Then, in school most of my classes were music classes. I was a junior when I got a call to go on the road with Jack Bedient and the Chessmen. They were like a Las Vegas type band. They made really good money. In fact one of my professors I asked him, “I don’t know what to do, whether to stay in school…” and he said, “How much does it pay?” I told him and he said, “Hey man, that’s more than I make.” (laughs) So, that got me going. And then I just stuck with it the whole time.

JPG: What did your dad play and what did you learn from him?

BV: He was a sax player and a piano player. He also played vibes. When I was young he had a big band. So, my mother and I would pick him up after the gig at 2:30 in the morning. This was back when big band were actually really happening in the late ‘40s. I vaguely remember a lot of that stuff. When he had three kids, he finally went to school, got his degree and started teaching music. He kept playing. In fact he played right up until he died except he was starting to get to the point where he would go to the gig but he couldn’t remember where it was. And he’d come back and say, “I couldn’t find the gig.” He was getting a little senile…but he played right up in his 80s, 84 years old.

JPG: Was there anything he did or say that stayed with you as far as being a proper musician?

BV: Yeah, a lot of stuff. I’ve been a leader in a lot of bands. Him being a bandleader for a long time with a different band I kinda picked up on what that entailed, running a band. Also, learned basic musicianship from him; just certain things that longtime hardcore musicians, they usually have that. I don’t know how to explain it. Musicianship is the best word I can come up with. I learned how to read. I learned a lot of things a lot of musicians these days just can’t do. And, of course, these days there’s really not much of a call for sight reading musicians unless you’re playing symphony music or that sort of thing.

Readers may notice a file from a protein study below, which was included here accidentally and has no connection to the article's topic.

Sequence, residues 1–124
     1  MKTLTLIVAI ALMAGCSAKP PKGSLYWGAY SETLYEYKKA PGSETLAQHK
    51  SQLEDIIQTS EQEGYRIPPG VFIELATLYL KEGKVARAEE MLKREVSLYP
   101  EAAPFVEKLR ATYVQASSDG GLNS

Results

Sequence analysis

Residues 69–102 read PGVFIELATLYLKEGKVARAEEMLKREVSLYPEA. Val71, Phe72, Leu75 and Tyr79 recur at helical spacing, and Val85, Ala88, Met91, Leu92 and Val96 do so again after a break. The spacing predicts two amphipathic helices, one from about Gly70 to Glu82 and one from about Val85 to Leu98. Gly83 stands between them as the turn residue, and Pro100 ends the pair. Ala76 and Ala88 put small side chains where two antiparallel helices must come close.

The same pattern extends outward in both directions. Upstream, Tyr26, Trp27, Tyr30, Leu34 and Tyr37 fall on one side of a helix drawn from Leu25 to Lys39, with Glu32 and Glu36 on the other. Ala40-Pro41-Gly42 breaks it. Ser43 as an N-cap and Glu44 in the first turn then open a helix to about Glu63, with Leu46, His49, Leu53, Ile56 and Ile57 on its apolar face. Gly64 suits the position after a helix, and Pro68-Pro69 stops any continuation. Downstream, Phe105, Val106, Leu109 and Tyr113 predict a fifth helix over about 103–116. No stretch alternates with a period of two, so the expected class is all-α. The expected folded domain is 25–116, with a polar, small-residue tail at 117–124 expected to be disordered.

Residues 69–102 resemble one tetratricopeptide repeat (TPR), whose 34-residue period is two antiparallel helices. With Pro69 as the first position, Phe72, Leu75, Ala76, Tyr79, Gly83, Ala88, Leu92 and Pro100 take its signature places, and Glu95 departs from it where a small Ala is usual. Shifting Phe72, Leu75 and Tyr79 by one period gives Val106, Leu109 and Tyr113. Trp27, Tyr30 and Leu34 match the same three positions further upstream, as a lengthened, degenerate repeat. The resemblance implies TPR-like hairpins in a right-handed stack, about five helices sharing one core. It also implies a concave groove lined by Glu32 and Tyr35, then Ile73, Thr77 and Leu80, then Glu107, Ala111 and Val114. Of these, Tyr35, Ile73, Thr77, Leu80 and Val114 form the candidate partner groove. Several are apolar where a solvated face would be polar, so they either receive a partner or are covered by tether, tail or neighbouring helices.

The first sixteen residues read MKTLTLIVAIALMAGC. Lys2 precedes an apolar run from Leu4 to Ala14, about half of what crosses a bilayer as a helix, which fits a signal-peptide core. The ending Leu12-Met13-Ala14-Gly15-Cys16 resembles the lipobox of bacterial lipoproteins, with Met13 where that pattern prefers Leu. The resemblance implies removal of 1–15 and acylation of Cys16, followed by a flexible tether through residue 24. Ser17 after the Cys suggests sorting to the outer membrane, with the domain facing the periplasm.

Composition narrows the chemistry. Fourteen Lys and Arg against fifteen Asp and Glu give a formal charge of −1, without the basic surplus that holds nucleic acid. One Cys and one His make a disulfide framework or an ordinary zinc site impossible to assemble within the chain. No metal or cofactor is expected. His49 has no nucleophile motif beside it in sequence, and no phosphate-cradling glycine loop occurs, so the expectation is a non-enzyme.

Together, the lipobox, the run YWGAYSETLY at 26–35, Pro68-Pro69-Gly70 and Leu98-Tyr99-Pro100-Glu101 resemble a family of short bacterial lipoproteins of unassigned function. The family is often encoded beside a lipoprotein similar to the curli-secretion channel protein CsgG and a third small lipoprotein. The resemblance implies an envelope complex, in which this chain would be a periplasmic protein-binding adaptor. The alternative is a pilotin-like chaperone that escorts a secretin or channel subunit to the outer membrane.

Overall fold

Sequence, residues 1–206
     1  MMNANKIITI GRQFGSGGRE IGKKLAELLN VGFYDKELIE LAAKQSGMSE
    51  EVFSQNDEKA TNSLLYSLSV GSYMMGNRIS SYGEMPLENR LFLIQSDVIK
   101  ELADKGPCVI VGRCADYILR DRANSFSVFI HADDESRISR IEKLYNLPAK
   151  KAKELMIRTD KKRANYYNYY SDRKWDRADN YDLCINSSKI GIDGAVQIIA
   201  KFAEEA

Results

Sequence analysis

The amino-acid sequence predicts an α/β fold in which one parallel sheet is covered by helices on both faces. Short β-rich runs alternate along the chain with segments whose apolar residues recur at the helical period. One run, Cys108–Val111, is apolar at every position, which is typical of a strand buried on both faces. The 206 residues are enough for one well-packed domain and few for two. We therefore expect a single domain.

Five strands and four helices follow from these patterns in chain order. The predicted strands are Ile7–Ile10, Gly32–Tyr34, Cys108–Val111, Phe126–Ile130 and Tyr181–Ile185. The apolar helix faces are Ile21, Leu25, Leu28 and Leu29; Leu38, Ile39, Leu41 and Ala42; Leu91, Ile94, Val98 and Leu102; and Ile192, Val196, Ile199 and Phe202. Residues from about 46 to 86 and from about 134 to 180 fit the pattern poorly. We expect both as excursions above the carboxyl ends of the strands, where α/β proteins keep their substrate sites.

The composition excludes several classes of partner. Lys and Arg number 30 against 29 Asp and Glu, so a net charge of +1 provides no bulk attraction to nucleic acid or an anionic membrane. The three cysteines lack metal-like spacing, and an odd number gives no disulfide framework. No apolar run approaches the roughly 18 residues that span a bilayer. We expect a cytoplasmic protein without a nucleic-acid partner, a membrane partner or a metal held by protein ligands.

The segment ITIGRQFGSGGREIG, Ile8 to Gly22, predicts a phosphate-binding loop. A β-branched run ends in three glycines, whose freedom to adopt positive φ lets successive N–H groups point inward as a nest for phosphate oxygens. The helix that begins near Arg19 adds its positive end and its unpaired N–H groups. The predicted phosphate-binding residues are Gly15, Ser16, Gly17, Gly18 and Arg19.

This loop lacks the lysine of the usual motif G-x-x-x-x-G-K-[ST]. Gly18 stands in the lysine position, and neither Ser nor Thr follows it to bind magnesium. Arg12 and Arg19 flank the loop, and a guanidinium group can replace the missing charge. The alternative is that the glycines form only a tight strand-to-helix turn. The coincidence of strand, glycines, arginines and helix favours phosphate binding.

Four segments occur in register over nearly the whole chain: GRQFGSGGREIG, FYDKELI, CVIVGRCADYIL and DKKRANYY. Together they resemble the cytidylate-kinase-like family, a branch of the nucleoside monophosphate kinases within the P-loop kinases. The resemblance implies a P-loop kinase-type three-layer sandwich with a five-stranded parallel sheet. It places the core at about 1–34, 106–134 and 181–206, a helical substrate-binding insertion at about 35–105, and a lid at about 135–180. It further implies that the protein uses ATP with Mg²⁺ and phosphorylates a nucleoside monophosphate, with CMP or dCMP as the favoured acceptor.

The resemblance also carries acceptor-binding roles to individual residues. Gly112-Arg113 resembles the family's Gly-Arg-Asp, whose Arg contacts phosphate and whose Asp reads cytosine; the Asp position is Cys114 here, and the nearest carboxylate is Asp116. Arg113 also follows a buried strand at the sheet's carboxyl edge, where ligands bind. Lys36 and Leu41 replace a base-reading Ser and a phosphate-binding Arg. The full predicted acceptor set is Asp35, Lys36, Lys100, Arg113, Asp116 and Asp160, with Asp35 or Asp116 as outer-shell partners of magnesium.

When I was in L.A. doing sessions we had the full charted music in front of us the whole time; the big time, when you filled out W4s or whatever [tax form] they were at every session. An arranger handed you the charts. It was very organized. You’d do two tunes every three hours. Then, when I moved back up here, sometimes, we’d spend a whole year on one record. So, big difference. A little more laidback up here. (laughs)

JPG: Going from that one musical world to a much more laidback approach, was it hard to adjust?

BV: You know what? I just didn’t like the vibe in L.A. Actually, there’s a lot of things about L.A. that I really liked and still enjoy myself when I go down there. At that time there was a lot of political stuff going on. It was the ‘60s. And I was very left wing and very involved with a lot of that kind of stuff. Up here, there was a consciousness about that stuff. In L.A. I don’t even think they knew what was going on in the real world. It was dog eat dog, let’s make money and hurry up. Up here it’s more comfortable for me anyway. I have friends that grew up in Marin County that live in L.A. now and they love it. So, it’s just a personal thing. West L.A., that’s where I hang out. That’s where I stay when I go down to record.

JPG: You liked political climate in Bay Area better than L.A. Were you active in any organizations or movements?

BV: Back then, there was a lot of things going on. A lot of stuff. I was really busy doing sessions and playing gigs. So, I wasn’t really physically active but I was active in a lot of ways. I can’t go into that too much. Back then, we stopped the [Vietnam] war is what we did.

JPG: Care to compare that time to the current political climate, state of activism?

BV: In my opinion there’s nothing going on today. We’re kinda of out there in space. Luckily, we have a president who is…okay, but the good ol’ boys still run the show. Anybody from the Bay area will admit to that.

*JPG: The Occupy Movement didn’t inspire you at all? *

BV: After the ’60s and early ‘70s everybody kind of stopped. Unfortunately, it didn’t evolve when it should have evolved. Anyway, part of growing up. I don’t like what’s going on now but at least we have a decent president is all I can say.